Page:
Sales of new motorcycles and scooters do not reflect a positive number, but the aftermath of COVID-19 has definitely upped the sale of second-hand bikes. The market for second-hand bikes and cars is witnessing more sales as compared to previous years. These sales figures are attributed to two main reasons, one being the bid to avoid public transport during the pandemic, and the second being the financial constraints of purchasing new vehicles. In a survey conducted by Cars 24, an online platform for buying and selling used cars, 46% of the general public claimed a decline in the purchase of new vehicles due to a budget crunch. While 50% were in favour of pre-owned vehicles because it not only solved the purpose of privacy during a commute but was a cheaper and more viable alternative.
Hero MotoCorp, one of the world’s largest two-wheeler makers, recorded a fall in domestic sales from 616,526 units of motorcycles and scooters in June 2019 to 450,744 units in June 2020. However, despite its fall in sales, the giant automaker saw a significant growth of over four times from May 2020 where they dispatched 112,682 units. Economic uncertainty and lower discretionary spending are making buyers wary about spending on new vehicles. In these highly disrupted months, the sale of second-hand bikes is a signal of resilient growth for the auto sector in the Indian economy.
Let’s go on to read the reasons for this sudden surge in demand for used bikes during the COVID-19 pandemic:
Purpose of Use
This sudden spike in demand for second-hand bikes spirals from a consumer base who are looking to shift from public transport options like buses and trains to a private option. Given the new social distancing norm where people are trying to stay safe from crowded spaces, there has been a spurt in used two-wheeler buying.
With economic slumps and job losses clouding lives, buyers are more likely to shop in the used vehicle market rather than spend more on a new one.
What gives two-wheeler resellers hope is the prevailing circumstances. Financial institutions are also tightening their belts for loan disbursements, making vehicular loans more expensive. The relatively lower cost of a second-hand bike will work out much better to help buyers migrate from daily public transportation to a personal vehicle.
Buying a second-hand bike for daily commute from a reputed reseller will give you good mileage, require less maintenance, and a free 6-months comprehensive warranty against the vehicle. With the availability of two-wheelers in good condition from a reputed seller, many buyers are choosing used bikes over a brand new ones to save money.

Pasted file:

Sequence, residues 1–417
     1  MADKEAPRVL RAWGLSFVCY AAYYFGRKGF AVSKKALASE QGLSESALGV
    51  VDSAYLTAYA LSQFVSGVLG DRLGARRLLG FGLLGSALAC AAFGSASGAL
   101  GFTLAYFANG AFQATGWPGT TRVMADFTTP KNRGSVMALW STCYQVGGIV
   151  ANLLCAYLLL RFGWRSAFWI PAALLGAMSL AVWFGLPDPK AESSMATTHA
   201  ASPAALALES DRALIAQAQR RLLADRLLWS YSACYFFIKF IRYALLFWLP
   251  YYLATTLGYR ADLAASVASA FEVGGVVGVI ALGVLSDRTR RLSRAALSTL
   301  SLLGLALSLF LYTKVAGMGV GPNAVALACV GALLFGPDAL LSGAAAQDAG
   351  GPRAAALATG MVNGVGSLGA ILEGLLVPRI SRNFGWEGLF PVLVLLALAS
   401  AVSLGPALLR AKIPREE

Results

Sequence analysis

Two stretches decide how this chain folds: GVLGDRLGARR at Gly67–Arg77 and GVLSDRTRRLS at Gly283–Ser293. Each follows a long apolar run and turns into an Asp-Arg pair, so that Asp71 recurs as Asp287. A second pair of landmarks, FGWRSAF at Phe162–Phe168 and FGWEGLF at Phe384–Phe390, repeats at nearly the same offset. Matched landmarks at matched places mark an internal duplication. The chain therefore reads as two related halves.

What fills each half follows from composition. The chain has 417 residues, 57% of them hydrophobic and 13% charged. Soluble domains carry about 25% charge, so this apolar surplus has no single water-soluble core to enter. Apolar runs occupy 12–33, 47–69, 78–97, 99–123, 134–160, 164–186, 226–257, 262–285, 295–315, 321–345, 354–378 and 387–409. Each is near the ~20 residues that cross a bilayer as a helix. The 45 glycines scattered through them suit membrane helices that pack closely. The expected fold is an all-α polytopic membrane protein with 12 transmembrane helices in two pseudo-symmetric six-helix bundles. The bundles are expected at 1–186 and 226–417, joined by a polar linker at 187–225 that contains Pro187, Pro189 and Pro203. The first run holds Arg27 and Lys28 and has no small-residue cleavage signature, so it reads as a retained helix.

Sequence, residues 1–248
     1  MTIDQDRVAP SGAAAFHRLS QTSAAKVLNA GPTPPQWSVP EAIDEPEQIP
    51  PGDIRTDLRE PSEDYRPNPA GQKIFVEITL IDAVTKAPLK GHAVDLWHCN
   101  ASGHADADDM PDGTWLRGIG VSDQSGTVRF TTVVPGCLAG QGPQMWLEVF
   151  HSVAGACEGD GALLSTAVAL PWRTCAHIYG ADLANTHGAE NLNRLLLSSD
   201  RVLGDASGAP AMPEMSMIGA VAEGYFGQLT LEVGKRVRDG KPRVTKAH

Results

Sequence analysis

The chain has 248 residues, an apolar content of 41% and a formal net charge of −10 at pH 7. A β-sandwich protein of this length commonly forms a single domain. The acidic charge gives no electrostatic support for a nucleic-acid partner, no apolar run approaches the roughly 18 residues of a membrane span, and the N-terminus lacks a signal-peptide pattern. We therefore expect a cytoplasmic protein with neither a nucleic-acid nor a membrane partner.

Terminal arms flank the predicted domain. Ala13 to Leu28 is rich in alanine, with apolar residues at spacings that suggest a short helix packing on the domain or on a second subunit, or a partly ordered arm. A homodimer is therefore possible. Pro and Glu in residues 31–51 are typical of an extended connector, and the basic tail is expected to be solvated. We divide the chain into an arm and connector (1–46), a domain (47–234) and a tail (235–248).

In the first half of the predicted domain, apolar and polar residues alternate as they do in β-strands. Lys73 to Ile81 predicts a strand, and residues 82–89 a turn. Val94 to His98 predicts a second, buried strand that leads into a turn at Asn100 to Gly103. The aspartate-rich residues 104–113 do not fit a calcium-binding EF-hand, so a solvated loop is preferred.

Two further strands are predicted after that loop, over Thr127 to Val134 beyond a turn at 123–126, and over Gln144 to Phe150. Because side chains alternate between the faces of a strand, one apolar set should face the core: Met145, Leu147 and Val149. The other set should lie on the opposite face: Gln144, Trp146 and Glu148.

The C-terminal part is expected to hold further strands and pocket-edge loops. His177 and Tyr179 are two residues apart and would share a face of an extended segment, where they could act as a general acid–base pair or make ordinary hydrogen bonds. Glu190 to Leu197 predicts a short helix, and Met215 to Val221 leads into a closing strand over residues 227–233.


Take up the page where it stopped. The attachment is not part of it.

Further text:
With periodic lockdowns, restrictions on travel, and daily curfews, people are less likely to step outside. Even businesses are encouraging employees to work from home by limiting daily office commute. This reduction in everyday travel has caused a fall in demand for new vehicles.
As states now enter a fully unlocked stage, digital reselling platforms have taken the customer-centric approach during the festival season to drive sales. Incentives like contactless doorstep delivery, assured buyback, extended warranty on the engine are some of the lucrative festive drivers for sales. Buyers are looking to invest in private mobility during the festive season and these seasonal deals have made a massive impact on sales in both rural and semi-urban markets.
A concurrent demand for used bikes despite a pandemic has boomed by more than 20%. More people are looking to downsize from cars to two-wheeler vehicles, given they are cheaper to buy, easier to operate, and maintain. Used bikes also offer more flexibility in terms of mobility and are increasingly popular during COVID-19, where the potential income generation is looking for quick and cheap alternatives for private commutes.
With mass travel systems susceptible to risk, personal transport options are the go-to option. Motorcycle and scooter riders can mitigate the risk of infection by maintaining social distancing, easy parking, and conveniently travelling within government guidelines.
A Shift in Consumer Behaviour
Several months after the outbreak of the Coronavirus pandemic, a drastic change in consumer behaviour has been noted. Consumption patterns, spending habits, and buying attitude is grappling with the on-going crisis. Young millennials who are also part of this change are now focusing on immediate need-fulfillment instead of enhancing their social status.
This post-pandemic trend has seen a predictable shift from high-valued products to value-for-money buys that are driven by factors like job losses and job insecurity. In such a scenario, customers are looking for good quality second-hand bikes at a reasonable price.
Author: Sasidhar Nandigam, Co-founder and CSO, CredR
Disclaimer: The views and opinions expressed in this article are solely those of the original author. These views and opinions do not represent those of The Indian Express Group or its employees.